Use of biologics and age may influence risk of psoriatic arthritis (PsA) development in patients with psoriasis, according to findings presented at the 2021 American College of Rheumatology Annual Meeting.
Findings of 2 abstracts presented at the 2021 American College of Rheumatology (ACR) Annual Meeting showed that risk of psoriatic arthritis (PsA) may be greater in older patients with psoriasis and those who are not being treated with biologics.
In determining predictors of PsA development, prior research has suggested musculoskeletal symptoms and incidence of psoriasis as significant risk factors. With approximately one-third of patients with psoriasis found to develop PsA during the course of their disease, authors of the first abstract sought to determine factors that may predict a shorter transition to PsA in those with psoriasis.1
“There is significant variability in the timing of transition from psoriasis to PsA which contributes to delays in diagnosis and high rates of undiagnosed PsA,” the researchers noted.
They conducted a longitudinal analysis of patients with psoriatic disease, in which the time between psoriasis and PsA diagnoses was calculated as the number of years between the 2 diagnosis dates (N = 384; median age at psoriasis diagnosis, 30.4 years; 52.2% female).
Several candidate predictors were included: gender, age at psoriasis diagnosis, family history of psoriasis, body mass index (BMI), treatment, cardiovascular disease, hypertension, diabetes, dyslipidemia, nail involvement, dermatology life quality index (DLQI), elevated ESR/CRP, alcohol, and smoking.
A subgroup analysis was additionally conducted utilizing body surface area (BSA) data, and using a subset of predictors that included age at psoriasis diagnosis, smoking, elevated ESR/CRP, BMI, family history of psoriasis, and percentage of BSA. “Variables were ranked based on their relative contribution to the models, as assessed by AIC [Akaike information criterion] increase upon removal of the variable from the full model,” the investigators wrote.
After controlling for relevant variables in the model, age at diagnosis of psoriasis was shown to be significantly associated with transition time from psoriasis to PsA, in which patients aged 42.6 years had on average 12 years less in time to PsA diagnosis than those aged 18.9 years (–11.88 years; 95% CI, –13.64 to –10.12 years; P < .001).
The overall effect of treatment regarding biologic and nonbiologic use, as well as the overall effect of BSA, were both not significantly associated with time to PsA diagnosis in patients with psoriasis. “Age at [psoriasis] diagnosis contributed the most to the model according to the AIC….These results suggest that older patients diagnosed with psoriasis may benefit from earlier screening for PsA,” the authors wrote.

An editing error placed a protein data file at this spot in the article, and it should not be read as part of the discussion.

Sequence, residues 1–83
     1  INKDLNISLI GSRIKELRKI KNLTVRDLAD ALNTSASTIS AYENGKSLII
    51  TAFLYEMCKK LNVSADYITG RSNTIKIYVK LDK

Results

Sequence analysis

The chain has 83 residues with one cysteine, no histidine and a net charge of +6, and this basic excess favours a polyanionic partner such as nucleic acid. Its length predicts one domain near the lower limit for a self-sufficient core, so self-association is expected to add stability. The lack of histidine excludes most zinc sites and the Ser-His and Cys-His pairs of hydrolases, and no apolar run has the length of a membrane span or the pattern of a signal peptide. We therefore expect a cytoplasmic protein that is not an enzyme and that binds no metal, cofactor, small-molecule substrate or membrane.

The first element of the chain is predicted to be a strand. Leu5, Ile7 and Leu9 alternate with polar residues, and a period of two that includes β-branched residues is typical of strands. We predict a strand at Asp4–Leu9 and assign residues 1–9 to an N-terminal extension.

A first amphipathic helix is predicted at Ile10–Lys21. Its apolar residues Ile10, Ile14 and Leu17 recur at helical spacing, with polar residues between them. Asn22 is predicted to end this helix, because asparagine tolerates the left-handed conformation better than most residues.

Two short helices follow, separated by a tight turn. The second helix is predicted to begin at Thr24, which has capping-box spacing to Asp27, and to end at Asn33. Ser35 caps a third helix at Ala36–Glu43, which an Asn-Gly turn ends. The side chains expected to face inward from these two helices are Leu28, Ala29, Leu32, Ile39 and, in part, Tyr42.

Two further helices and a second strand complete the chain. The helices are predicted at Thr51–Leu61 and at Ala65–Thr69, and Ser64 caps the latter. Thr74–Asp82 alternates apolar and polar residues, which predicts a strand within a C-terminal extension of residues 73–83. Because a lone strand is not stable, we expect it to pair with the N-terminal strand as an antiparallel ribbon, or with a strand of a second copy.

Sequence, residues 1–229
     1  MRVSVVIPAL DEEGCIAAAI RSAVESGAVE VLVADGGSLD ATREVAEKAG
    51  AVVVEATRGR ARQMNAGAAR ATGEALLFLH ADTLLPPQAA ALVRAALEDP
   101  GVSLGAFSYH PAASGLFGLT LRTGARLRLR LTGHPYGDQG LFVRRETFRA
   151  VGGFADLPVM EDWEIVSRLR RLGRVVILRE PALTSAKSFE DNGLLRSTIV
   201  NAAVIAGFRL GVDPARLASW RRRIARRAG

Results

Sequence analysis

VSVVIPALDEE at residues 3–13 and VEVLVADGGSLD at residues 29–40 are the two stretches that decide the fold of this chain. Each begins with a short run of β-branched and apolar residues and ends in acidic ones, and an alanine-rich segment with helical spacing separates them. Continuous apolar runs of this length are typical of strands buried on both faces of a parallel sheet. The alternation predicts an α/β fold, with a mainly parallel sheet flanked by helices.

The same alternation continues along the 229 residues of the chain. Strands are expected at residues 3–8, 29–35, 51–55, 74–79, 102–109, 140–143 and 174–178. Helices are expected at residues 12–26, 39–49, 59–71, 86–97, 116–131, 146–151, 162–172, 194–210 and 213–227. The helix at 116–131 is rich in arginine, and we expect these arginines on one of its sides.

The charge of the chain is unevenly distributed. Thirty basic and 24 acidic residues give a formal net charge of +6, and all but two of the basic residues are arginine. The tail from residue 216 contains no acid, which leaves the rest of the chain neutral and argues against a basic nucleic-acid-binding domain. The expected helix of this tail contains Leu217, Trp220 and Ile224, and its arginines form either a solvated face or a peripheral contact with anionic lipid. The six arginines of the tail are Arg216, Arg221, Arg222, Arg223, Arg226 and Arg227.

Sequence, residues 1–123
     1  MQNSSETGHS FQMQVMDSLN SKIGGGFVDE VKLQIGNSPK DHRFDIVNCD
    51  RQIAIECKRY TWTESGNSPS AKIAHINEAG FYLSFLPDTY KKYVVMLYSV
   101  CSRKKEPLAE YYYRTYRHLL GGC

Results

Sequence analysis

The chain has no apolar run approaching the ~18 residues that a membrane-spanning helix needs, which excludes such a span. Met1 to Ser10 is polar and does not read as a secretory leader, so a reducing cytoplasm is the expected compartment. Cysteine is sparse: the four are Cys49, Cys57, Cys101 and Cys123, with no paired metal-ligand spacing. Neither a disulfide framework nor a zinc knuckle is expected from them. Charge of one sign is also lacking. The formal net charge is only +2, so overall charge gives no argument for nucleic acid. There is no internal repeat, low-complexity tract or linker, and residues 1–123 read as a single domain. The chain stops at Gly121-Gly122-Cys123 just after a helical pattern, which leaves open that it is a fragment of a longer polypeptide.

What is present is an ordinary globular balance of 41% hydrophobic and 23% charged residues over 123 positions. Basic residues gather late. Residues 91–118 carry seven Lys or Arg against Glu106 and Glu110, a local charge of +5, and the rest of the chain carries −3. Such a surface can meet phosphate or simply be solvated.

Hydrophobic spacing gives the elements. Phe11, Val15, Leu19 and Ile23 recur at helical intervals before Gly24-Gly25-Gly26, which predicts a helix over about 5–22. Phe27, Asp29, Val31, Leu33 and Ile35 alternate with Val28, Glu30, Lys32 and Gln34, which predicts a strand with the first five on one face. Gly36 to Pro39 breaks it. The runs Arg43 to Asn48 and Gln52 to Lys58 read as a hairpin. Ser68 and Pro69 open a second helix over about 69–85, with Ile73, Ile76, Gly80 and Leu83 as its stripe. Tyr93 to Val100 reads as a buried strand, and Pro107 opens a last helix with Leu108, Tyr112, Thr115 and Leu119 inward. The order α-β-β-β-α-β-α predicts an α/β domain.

Adding to results shown in the first study, researchers of the second abstract sought to investigate the effect of biologic treatments for psoriasis on the incidence of PsA.2
They conducted a retrospective cohort study of electronic medical records derived from a large health maintenance organization that included patients who had received biological treatment for psoriasis and were not diagnosed with PsA before or at the time of biologic treatment initiation (n = 663).
Propensity score matching was implemented to match patients undergoing biologic therapy with controls (n = 663) by age at diagnosis, gender, time until treatment initiation, maximum BMI, and smoking.
According to the Kaplan-Meier curve for the propensity score matched groups, a statistically significant increased risk for PsA was observed in the control group compared with the biological treatment group.
Results of the multivariable Cox regression analysis confirmed these findings with the control group shown to be at 39% increased risk of PsA development than the biologic treatment group (adjusted HR [aHR], 1.39; 95% CI, 1.03-1.87; P = .0295). Female gender was also linked with significantly increased risk of PsA development in those with psoriasis (aHR, 1.80; 95% CI, 1.34-2.42; P < .0001).
“The results suggest considering treatment with biologic medications in patients that present with significant risk factors for PsA at an earlier stage of treatment,” concluded researchers.
1. Cheemalavagu S, Jin Y, Husni E. The transition to psoriatic arthritis: what factors predict a shorter transition from psoriasis to psoriatic arthritis? Presented at: ACR Convergence 2021; Virtual. Abstract 1798. https://bit.ly/3r5uFQG
2. Sagy I, Shalev Rosenthal Y, Schwartz N, Pavlovsky L. Psoriatic arthritis incidence among patients receiving biologic medications for psoriasis: a nested case control study. Presented at: ACR Convergence 2021; Virtual. Abstract 1355. https://bit.ly/3CHJFq1